Friday, January 04, 2008

4 January
Children Born of Searching

Readings: 1 John 3:7-10; Psalm 98:1, 7-8, 9; John 1:35-42

In this way, the children of God and the children of the Devil are made plain…

As we continue to celebrate the birth of the child who comes to save his people, the first reading invites us to consider the stark contrast that his coming among us uncovers. It tells us how to distinguish between the children of God and the children of the Devil. We are familiar with the words used to describe the criteria involved: No one who is begotten by God commits sin… No one who fails to act in righteousness belongs to God, nor anyone who does not love his brother… Sin, righteousness, love – these are words we have heard many times in the past. Yet, isn’t it true that apparent familiarity can often also hide great ignorance? Isn’t this the experience of the Pharisees of Jesus’ day?

Which is why the gospel today is so useful. Here we find a story that depicts the process by which people become children of God. It is helpful first to notice that the characters in the story are all engrossed in different expressions of a single action. What were the two disciples of John the Baptist doing when they followed Jesus? They were searching for something or someone. And so engrossed were they in this search that they were willing even to leave behind their first master. They were willing to forsake the familiar for the novel. And they were able to do this because they believed that while the first was the promise, the second was its fulfillment.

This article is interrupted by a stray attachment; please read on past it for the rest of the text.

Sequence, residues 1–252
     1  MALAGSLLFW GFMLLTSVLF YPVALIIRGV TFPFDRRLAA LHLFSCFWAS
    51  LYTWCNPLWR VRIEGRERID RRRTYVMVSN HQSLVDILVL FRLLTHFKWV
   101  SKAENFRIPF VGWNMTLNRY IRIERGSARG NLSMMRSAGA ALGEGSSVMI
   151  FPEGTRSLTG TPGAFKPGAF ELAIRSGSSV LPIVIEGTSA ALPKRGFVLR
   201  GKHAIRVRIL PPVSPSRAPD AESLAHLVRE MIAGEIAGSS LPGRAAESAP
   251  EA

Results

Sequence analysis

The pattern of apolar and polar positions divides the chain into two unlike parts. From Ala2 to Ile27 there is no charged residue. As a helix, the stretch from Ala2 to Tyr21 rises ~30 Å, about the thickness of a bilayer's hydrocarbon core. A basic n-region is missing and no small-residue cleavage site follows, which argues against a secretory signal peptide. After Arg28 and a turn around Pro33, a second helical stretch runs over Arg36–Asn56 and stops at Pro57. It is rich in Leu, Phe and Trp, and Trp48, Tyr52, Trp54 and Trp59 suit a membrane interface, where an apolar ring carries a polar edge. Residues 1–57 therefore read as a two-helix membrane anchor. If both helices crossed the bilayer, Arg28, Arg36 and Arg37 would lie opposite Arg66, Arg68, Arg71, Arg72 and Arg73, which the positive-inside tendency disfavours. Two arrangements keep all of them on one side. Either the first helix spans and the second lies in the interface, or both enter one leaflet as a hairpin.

And they are aided in this first search by a second one. Jesus leads them to ransack their own hearts for the answer to his question: what are you looking for? And in the process, they come to see that, in truth, their search has led them to the One who has traveled from all eternity in search of them. We have found the Messiah… Isn’t this a useful picture of the righteousness that escapes the snare of sin? Rather than being obsessed simply with avoiding wrongdoing, the children of God are instead engrossed in seeking the One who is the very embodiment of righteousness, the One who emptied himself even unto death, the Lamb of God himself.

There is yet a third search in this process, one that makes concrete the commandment of love. What does Andrew do after finding Jesus? He seeks out his brother Peter and brings him to the Lord...

As we continue to deepen our appreciation of the mystery of Christmas, the great feast by which we celebrate our becoming and remaining children of God, perhaps we can consider how we being called to search.

What are you looking for?

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